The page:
Owner-Operators Ask for Broker Transparency, Brokers’ Respond – None of Your Business – In FMCSA Listening Session on Broker Transparency Regulations

, , , , Motor Carrier Rulemaking, The Cullen Law Firm, PLLC

 

On Wednesday, October 28, 2020, the Federal Motor Carrier Safety Administration (FMCSA) hosted a public listening session concerning pending broker transparency rulemaking petitions. These petitions propose to clarify or modify the federal regulations requiring brokers to disclose certain information to carriers, including the amount the shippers paid a broker to arrange a load. Specifically, 49 C.F.R. § 371.3 “Records to be kept by brokers,” provides: (a) A broker shall keep a record of each transaction; including (a)(4) “the amount of compensation received by the broker for the brokerage service performed and the name of the payer;” and (c) “each party to a brokered transaction has the right to review the record of the transaction required to be kept by these rules.”

The petitions have been filed by key industry stakeholders, including the Owner-Operator Independent Drivers Association (OOIDA), the nation’s leading association representing the interests of over 150,000 truck owner-operators and carriers. The Cullen Law Firm, PLLC, serves as legal counsel to OOIDA. Specifically, OOIDA wants FMCSA to require brokers to provide an electronic copy of each transaction record automatically within 48 hours after completion of the contractual service. OOIDA’s petition also wants FMCSA to prohibit brokers from including any provision in their contracts that requires a motor carrier to waive its rights to access the transaction records.

In opposing OOIDA’s petition, the Transportation Intermediary Association (TIA), an association of brokers, has filed its own petition calling for the complete elimination of the regulation. 

OOIDA President, Todd Spencer, made the following remarks during the listening session:

“Recordkeeping and transparency requirements have been a central component of broker regulations since their inception and were written to serve the greater public interest.” “Ever since Congress first called for broker regulations 85 years ago, the objective has been to protect the public’s interest in an adequate, economical, and efficient transportation system free from unjust discrimination and destructive competitive practices of unscrupulous middlemen. Therefore, as part of the agency’s mandate to ensure that brokers do not avoid their legal responsibilities by contract, or imposing unreasonable burdensome disclosure conditions, if implemented, FMCSA would not experience any new burdens by adopting the new provisions we are seeking.”

A TIA spokesperson stated that OOIDA’s petition would “codify burdensome regulations that will negatively impact carriers, brokers and the general public,” and that the petitions were prompted by a “temporary economic downturn that upended the supply chain because of a global pandemic.” He defended brokers by stating, “this was not broker price fixing or price gouging. This is an attempt to undermine the free market.”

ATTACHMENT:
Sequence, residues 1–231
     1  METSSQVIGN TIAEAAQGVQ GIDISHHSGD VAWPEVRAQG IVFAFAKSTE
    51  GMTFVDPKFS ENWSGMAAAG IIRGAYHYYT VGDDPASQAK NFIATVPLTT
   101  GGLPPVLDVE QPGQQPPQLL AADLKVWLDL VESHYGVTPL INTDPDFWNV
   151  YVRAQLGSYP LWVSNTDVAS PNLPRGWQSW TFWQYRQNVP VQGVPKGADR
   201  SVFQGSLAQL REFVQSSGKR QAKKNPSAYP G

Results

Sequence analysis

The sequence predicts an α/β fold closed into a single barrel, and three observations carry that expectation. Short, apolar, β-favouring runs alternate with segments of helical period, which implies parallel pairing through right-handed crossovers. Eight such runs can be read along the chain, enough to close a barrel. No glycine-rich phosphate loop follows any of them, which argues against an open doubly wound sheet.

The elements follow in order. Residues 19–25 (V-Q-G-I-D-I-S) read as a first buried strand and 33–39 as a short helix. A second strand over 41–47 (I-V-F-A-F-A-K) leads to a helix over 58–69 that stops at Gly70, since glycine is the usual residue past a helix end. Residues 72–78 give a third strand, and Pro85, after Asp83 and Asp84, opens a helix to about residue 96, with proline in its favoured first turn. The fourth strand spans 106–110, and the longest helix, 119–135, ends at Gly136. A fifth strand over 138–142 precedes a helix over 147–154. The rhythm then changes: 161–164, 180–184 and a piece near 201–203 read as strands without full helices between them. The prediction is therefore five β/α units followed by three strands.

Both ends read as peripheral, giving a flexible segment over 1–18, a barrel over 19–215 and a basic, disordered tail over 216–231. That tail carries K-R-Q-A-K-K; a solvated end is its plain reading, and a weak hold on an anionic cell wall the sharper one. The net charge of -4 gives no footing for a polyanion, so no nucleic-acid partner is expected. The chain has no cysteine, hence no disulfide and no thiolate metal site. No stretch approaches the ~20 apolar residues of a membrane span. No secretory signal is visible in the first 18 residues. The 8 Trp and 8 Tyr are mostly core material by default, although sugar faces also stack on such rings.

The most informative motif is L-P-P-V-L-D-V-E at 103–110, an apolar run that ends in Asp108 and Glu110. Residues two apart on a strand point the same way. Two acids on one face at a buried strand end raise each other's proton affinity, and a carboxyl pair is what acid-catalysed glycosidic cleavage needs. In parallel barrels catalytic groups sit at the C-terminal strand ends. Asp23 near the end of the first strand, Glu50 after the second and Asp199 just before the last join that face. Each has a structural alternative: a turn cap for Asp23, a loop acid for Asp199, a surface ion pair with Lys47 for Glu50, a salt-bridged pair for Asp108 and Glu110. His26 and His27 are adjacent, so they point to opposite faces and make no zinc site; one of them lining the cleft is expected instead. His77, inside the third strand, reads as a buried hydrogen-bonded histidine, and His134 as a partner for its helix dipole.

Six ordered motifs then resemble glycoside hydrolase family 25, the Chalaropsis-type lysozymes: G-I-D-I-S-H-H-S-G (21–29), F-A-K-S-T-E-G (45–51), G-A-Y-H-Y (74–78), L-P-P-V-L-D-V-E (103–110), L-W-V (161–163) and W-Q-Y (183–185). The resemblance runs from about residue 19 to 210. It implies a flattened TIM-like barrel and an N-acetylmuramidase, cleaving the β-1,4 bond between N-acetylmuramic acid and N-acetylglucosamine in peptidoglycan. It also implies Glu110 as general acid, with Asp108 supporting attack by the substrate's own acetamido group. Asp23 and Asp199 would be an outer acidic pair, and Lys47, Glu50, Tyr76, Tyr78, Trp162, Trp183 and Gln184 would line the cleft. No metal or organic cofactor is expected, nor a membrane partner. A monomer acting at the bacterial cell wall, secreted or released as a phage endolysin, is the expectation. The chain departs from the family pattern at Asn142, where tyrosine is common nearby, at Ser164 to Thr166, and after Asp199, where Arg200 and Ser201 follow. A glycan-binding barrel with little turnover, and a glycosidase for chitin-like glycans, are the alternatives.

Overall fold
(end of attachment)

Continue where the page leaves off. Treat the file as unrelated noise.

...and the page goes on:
While most of the participants in the listening session were brokers – who generically complained that disclosure would upset the free market, and audaciously asserted that it was none of the truckers’ “business” to receive the federally mandated information,” several truckers voiced their “real-world” perspectives, including:

1. One owner-operator stated that he learned that on a load for which he bore all of the burden and responsibility for transporting, the broker had pocketed 60% of what the shipper paid.;

2. Another owner-operator stated that truckers are scared to ask a broker for documents, and that fear extended to speaking up at the listening session because of potential broker retaliation and blacklisting. He described that disclosure would help to stop abuses such as double brokering and inflated pricing. He added “This federal regulation was meant to protect the trucker, the shipper and the end-user, who is the consumer.” He further stated that when truckers get lower than market rates, it could affect safety, e.g., when the trucker is financially stretched he may pay less attention to his equipment and hours of service regulations.  

3. Finally, a driver from Houston appropriately noted drivers need factual information, and that no one should take advantage of the relationship to take more than their fair share. He summed up by stating that anyone who doesn’t want disclosure “has something to hide.” 

Anyone who could not make the broker listening session can still submit comments by going to Regulations.gov, entering the docket number FMCSA-2020-0150 in the “Keyword” block, and clicking “Search.” From there, click on the “Comment Now!” button. Although FMCSA recommends that you include your name, email address, or phone number in the body of your document, if you fear broker retaliation, you may also file comments anonymously, describing why you have that fear in your comments. The deadline is November 18. As of October 28, nearly 1,200 comments are on the docket. 

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